It was clear as soon as he began running that Noah had quickly shaken off any negativity, and that every part of him was concentrating on making his body do what he wanted it to as he settled into a powerful rhythm. Water splashed up in bursts as his feet struck the rain pooling in massive puddles around the inner lane of the track, but that didn't slow him down.  As he rounded the last curve, he gave everything he had in a final burst of speed, and even from a distance I could sense the triumph he felt as he plunged across the finish line.  His performance earned him a first place finish for his grade, and, for the first time ever for him, a spot at the area track meet in June.

Afterwards, Noah told me half-jokingly that he ran so quickly because he wanted to get out of the rain.  It was certainly true that the weather could have cooperated better so the kids didn't need to wring themselves out once they were under shelter.  But sometimes a rainy track and field meet teaches valuable lessons, doesn't it?  Noah had the chance to experience first hand that when life gets messy and uncomfortable, which it most certainly will, he has it in him to push through and find great personal success on the other side. Often, the sweetest rewards are the ones we had to work hardest for.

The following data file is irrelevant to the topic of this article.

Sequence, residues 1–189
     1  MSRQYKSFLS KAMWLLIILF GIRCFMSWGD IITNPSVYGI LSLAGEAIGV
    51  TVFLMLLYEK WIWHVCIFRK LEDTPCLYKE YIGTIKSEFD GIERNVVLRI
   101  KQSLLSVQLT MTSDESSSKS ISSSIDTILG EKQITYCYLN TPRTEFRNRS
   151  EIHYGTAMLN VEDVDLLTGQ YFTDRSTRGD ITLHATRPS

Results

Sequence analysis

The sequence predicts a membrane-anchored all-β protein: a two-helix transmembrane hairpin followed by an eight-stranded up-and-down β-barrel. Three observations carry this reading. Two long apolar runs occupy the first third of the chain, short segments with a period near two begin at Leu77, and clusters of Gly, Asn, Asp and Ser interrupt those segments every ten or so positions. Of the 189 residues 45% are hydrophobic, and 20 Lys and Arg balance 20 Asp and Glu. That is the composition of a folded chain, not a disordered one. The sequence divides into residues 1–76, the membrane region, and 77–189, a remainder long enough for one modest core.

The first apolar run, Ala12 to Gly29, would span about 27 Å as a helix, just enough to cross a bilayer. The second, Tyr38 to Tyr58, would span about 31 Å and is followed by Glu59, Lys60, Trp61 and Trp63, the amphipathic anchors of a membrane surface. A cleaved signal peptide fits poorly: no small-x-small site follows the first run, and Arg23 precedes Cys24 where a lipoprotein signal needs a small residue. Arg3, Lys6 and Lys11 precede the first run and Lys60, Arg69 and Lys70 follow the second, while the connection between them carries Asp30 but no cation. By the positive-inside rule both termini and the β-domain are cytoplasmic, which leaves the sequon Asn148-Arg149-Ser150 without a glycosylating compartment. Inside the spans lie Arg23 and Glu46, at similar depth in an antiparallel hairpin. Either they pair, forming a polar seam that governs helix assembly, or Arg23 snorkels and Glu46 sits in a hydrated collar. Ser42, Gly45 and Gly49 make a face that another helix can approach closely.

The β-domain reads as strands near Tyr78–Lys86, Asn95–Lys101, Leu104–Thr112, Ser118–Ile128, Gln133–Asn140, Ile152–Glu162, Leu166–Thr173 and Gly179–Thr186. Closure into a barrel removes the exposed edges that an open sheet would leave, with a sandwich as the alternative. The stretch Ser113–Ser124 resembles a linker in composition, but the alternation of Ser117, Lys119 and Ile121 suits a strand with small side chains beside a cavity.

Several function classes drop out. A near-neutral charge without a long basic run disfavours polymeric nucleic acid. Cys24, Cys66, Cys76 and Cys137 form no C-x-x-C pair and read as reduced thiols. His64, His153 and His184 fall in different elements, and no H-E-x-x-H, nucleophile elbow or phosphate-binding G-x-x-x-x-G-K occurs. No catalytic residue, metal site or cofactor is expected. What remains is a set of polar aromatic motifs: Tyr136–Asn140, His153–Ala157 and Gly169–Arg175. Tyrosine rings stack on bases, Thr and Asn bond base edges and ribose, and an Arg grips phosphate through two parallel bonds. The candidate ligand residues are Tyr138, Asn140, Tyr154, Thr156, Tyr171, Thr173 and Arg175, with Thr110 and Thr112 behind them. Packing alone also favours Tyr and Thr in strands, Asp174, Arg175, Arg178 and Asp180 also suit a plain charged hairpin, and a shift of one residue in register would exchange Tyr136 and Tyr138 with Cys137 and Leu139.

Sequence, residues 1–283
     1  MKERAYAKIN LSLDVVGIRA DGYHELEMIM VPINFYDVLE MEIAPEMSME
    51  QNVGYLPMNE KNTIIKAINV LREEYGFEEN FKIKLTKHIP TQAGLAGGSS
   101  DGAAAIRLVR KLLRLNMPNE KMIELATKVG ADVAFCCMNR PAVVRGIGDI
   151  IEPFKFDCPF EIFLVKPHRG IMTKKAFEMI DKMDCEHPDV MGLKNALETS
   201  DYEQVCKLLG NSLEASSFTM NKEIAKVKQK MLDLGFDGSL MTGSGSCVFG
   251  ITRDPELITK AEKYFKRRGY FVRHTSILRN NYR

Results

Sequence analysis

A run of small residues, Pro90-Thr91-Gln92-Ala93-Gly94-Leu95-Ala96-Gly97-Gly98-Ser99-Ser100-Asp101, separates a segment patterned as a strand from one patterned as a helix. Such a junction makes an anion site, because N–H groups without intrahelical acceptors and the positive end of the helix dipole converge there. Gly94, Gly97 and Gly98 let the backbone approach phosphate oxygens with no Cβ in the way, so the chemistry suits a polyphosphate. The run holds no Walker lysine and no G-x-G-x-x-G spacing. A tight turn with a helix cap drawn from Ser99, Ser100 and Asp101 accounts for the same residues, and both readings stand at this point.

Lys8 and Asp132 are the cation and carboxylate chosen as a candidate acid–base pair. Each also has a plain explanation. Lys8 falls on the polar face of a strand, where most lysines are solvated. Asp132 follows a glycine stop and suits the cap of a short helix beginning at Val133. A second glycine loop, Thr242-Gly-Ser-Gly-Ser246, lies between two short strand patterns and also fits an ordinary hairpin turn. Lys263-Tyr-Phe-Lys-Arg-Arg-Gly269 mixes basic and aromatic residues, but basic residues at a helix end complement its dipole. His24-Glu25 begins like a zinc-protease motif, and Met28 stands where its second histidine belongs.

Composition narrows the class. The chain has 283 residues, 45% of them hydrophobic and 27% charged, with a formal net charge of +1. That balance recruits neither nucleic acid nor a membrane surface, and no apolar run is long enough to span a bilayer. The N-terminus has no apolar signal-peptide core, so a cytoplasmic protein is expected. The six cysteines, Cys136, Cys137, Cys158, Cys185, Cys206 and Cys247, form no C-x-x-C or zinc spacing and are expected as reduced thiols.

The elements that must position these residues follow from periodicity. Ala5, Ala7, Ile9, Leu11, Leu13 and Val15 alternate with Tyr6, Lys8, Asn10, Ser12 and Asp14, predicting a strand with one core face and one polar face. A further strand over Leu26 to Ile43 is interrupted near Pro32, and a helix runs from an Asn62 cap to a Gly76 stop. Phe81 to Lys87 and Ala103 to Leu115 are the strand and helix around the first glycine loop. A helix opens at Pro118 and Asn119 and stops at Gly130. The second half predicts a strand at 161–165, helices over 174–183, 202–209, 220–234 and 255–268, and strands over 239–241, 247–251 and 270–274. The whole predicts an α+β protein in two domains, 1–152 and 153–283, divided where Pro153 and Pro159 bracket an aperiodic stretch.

Photo credit:  Wikimedia Commons

Friday, May 23, 2014

Strawberry Rhubarb Crisp (gluten-free, vegan)

I sat down in front of my computer about six different times over the past few days to try and write something here, but we're now in the thick of that crazy-busy time of year where there always seems to be sixty-two things going on at once, and I'm finding my thoughts ridiculously scattered.  Today's post will be short and sweet as a result; I'm sharing a recipe for a strawberry rhubarb crisp that I made this afternoon with some local rhubarb we found at our favourite food shop.  (This is much better reading material than all of the other stuff that is bouncing around in my head right now, trust me!)  I have always loved rhubarb, and this crisp, with a little bit of orange thrown in for fun, is a simply delicious way to enjoy its tart springtime flavour.

Strawberry Rhubarb Crisp

For the filling:

3 cups sliced fresh strawberries
2 cups rhubarb, chopped into half-inch pieces
1 tsp orange zest
1/4 cup orange juice
2 tbsp arrowroot flour

For the topping:

1 cup blanched almond flour
1 cup certified pure rolled oats
1/4 tsp sea salt
1 tsp ground cinnamon
1/4 cup melted coconut oil
1 tbsp pure maple syrup
1 tsp vanilla extract

Preheat the oven to 350 F.  Whisk together the orange juice and arrowroot flour in a mixing bowl; add the strawberries and rhubarb and orange zest to this mixture and stir gently to coat the fruit.  Divide the fruit mixture between eight ramekins for individual crisps, or pour it all into an 8x8 inch glass baking pan or a deep pie dish if you prefer.

Combine the almond flour, oats, sea salt, and cinnamon in another mixing bowl.  Whisk together the melted coconut oil, maple syrup, and vanilla in a separate smaller bowl, then pour the wet ingredients into the dry ingredients.  Stir until the mixture is well-combined and crumbly;  sprinkle the topping over the fruit in the baking dish(es) and cover with aluminium foil.

Bake the crisp(s) in the preheated oven for 30 minutes covered, then remove the foil and bake for another 20 minutes, or until the fruit is bubbling around the edges of the dish and the topping is golden brown.  Let the crisp(s) cool slightly and serve while still warm.